It is a sad fact, but you do know people who have been sexually assaulted under these circumstances. The victims may be afraid to talk openly about their experience. Even so, they worry that staying silent may potentially allow you to trust someone who will assault you in the future. These people – victims and predators alike – are your friends, your family members, and acquaintances who you meet in all walks of life.
If you have been assaulted by a person who is a figure of trust, and would be willing to talk about it, I would love to talk. I sincerely hope that no one here has, but if you have, please know that there are resources and other survivors who would like to offer their solidarity to you.
So what is this? It’s not an accusation. It doesn’t defame anybody, or point fingers at anybody. It’s not libelous, and sounds like it’s more about me, and my life than anybody else. Hopefully, if anybody in the class had already had some sketchy happenings with the teacher, it jogs their memory of that.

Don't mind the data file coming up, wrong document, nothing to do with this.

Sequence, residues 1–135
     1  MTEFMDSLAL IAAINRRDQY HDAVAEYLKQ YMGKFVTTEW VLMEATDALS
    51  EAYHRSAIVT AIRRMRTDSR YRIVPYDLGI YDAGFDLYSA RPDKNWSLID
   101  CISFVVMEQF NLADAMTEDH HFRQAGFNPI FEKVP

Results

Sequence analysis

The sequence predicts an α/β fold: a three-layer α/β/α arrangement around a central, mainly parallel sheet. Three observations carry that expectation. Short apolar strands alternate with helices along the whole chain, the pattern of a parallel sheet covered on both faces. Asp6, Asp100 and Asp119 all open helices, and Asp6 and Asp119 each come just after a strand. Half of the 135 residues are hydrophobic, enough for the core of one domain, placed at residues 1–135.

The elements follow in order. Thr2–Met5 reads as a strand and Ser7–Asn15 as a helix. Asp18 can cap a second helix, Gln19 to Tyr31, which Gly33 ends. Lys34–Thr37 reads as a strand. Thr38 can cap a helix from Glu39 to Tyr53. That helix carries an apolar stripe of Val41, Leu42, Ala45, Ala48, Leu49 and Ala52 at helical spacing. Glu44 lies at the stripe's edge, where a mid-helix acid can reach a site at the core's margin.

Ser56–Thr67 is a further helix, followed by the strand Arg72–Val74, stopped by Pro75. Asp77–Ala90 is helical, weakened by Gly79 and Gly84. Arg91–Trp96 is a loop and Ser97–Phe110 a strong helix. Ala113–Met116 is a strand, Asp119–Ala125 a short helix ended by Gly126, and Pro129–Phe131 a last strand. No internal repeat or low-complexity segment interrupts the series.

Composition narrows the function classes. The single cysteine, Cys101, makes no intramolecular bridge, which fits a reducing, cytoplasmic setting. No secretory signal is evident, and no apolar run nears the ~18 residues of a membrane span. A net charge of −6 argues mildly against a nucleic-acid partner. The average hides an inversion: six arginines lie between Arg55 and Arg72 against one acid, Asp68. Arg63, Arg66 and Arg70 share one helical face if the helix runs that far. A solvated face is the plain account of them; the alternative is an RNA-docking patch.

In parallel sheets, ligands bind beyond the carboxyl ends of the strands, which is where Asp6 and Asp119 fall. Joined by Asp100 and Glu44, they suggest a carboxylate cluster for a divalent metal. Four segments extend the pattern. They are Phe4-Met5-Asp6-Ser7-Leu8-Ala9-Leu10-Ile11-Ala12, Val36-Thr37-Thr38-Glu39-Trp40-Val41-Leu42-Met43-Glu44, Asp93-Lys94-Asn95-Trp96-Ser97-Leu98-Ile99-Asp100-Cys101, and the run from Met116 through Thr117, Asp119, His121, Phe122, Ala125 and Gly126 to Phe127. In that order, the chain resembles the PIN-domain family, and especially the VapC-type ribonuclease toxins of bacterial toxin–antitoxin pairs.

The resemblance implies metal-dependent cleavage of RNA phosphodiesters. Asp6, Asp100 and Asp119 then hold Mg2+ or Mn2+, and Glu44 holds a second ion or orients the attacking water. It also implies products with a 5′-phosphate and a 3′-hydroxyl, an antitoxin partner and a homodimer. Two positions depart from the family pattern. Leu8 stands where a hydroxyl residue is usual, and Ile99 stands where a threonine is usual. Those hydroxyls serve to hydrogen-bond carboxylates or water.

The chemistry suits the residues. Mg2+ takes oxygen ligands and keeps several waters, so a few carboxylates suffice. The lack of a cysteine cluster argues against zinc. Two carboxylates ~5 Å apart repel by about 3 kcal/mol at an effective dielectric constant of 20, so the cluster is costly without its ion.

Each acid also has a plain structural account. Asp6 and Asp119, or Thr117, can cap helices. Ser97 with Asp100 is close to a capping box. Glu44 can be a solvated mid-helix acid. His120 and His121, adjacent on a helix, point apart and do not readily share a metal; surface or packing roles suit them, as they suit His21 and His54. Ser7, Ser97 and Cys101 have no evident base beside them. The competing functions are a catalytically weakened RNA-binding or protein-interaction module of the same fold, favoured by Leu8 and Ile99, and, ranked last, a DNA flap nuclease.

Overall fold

Was it a good idea? I honestly don’t know. It’s the best I could think of to do.
What I would have expected from him, an intelligent adult male who (I’d assumed) wasn’t a predator, would have been some form of acknowledgement (preferably unprompted) that something way beyond the norm of our relationship had occurred, and that it wouldn’t happen again, unless I was 100% on board. Also, as he is a figure of trust, and a teacher, any such overtures should include an explicit statement that my decision in terms of a relationship does not in any way change our teacher/student relationship, nor is my continued acceptance in his class contingent upon acquiescing to a relationship with him.
Any mature, responsibility-accepting response on his part would also be contingent on him acknowledging that the way he “presented” a relationship to me was not appropriate, and didn’t give me the space needed to ensure that my response was uncoereced and completely of my free will.